Another example is Haiti, where we are embarked upon an aggressive program after standing up -- the government in Haiti embarked upon an aggressive program there to work on population stabilization and environmental stabilization at the same time. I understand that Haiti, currently a population of 7 million people, can really only support a population of about 4 million people. It is absolutely imperative that we move aggressively on population stabilization there. As Haiti's population grows, as it must, it is in our strategic interest to understand the importance of population and its relationship to the environment as we look, particularly, at the refugee problems flowing in to South Florida.
And finally, the Department has been deeply engaged in beginning the Coral Reef Initiative, working with nations all around the world to focus on the importance of coral reefs -- the rain forests of the ocean -- as they relate to the economies of any number of countries around the world and the integrity of the land masses of those small islands and the very clear relationship between the coral, the economies, the arrival of tourists and our environmental awareness.
These are examples where it is very much in our interest to maintain the integrity of these environmental systems, as we look at South America, we look in our backyard in Haiti, we look at coral reefs all over the world having a very significant impact on us.
It's been a great pleasure to recruit to the Department and to have here Eileen Claussen, who had a very distinguished career. Many of you have met Eileen. She, before coming over here, was the head environmental officer at the National Security Council and before that, played a major role at EPA in the Clean Air Act and in the development of the Montreal Protocol on Ozone. Eileen has been the chief driver behind this report. Eileen, delighted to have your help. Thank you for being here.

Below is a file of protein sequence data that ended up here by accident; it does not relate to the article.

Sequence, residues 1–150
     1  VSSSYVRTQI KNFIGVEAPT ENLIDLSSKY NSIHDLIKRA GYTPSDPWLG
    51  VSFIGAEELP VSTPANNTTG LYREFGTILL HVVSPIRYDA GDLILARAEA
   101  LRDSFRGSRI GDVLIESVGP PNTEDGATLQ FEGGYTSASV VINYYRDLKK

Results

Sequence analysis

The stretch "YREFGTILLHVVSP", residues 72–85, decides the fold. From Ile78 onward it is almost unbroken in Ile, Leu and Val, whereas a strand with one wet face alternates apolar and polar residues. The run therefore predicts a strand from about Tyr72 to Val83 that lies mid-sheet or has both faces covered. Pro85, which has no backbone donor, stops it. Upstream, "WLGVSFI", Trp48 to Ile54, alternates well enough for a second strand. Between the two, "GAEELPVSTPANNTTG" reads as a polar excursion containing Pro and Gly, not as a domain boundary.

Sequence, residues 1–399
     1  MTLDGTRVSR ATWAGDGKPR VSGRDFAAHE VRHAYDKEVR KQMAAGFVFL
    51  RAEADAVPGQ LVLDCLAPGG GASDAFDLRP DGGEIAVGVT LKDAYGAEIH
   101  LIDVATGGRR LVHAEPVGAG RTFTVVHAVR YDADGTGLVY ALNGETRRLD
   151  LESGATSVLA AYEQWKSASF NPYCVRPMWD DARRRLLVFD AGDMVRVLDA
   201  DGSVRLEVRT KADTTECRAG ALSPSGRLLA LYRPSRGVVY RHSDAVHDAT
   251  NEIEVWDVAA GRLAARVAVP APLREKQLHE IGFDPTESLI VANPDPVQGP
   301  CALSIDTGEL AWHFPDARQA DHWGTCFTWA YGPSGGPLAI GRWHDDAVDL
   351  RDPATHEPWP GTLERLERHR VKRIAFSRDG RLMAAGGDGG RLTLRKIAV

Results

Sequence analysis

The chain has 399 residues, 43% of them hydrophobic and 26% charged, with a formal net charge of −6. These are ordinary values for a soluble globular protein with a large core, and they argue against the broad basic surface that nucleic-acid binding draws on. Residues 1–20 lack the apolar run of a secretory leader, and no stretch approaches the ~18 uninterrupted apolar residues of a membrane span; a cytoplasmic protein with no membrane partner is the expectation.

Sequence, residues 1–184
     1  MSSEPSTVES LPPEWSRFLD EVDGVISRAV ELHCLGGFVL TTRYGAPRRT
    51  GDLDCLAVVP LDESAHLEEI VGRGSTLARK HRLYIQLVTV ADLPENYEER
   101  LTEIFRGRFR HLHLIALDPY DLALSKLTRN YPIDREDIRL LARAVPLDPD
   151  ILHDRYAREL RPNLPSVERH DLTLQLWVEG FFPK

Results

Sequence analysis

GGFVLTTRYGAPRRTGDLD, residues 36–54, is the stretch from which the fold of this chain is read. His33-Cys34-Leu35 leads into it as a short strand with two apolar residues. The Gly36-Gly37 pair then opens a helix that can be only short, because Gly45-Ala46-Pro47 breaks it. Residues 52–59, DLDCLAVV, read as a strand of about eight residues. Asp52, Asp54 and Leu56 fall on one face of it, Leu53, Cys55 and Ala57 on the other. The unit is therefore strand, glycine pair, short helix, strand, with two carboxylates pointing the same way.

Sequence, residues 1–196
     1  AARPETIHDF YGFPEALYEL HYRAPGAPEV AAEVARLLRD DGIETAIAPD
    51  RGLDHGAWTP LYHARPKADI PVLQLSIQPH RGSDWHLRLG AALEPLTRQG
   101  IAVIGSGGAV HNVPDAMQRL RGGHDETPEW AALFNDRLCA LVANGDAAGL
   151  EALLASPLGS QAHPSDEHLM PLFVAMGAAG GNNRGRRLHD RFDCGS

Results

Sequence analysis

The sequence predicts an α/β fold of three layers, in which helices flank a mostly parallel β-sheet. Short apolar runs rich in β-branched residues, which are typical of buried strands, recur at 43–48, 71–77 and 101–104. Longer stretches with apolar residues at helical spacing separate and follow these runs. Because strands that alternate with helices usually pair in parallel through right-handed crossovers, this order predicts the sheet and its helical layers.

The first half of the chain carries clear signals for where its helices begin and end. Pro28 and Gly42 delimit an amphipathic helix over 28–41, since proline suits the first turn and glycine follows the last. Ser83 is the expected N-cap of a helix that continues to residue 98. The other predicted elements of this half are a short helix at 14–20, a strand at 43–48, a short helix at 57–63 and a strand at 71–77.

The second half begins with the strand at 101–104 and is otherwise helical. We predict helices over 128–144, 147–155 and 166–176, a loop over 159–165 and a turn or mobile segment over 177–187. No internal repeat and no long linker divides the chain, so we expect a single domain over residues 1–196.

ASSISTANT SECRETARY CLAUSSEN: Thank you, I would just like to make a few very brief points. You will see in the report that globally we have identified five issues that we think are really important for the coming year. They are climate change, toxic chemicals and pesticides, the loss of biological diversity, deforestation and ocean degradation. Each of these threats have the capacity to directly affect us here at home.
For example, while we cannot say with certainty that the flooding that is now occurring along the Red River signals the onset of climate change, it is entirely consistent with the predicted effects. We can expect that a continued warming of the Earth's atmosphere is likely to result in much more of such occurrences of extremely severe weather.
Regionally, we've also identified five problems -- fresh water, air quality, energy, urbanization and industrialization, and land use. These also have the potential to undermine political, economic and social stability in countries and regions that have real importance to United States interests.
China's energy demand, for example, is expected to more than double within 20 years. Continued reliance on coal as a primary energy source will greatly exacerbate local health problems, including a variety of respiratory illnesses. It will result in the spread of acid rain throughout the country, as well as on the Korean Peninsula and in Japan. It will have significant global impacts, as the burning of coal is a leading cause of climate change. We are working, as we say in the report, in a variety of ways -- globally, regionally and bilaterally - to address these and other problems.
Let me make just one last point. While we certainly must be active abroad, the United States has a major responsibility at home, as well. We are the largest emitter of greenhouse gases; one of the biggest importers of forest products; a major fishing nation; and important source of technology. So just as we will raise international environmental issues in foreign capitals, we must also raise them in state capitals. It is my hope that this report will help stimulate the domestic dialogue we need if we are to be effective. Thank you.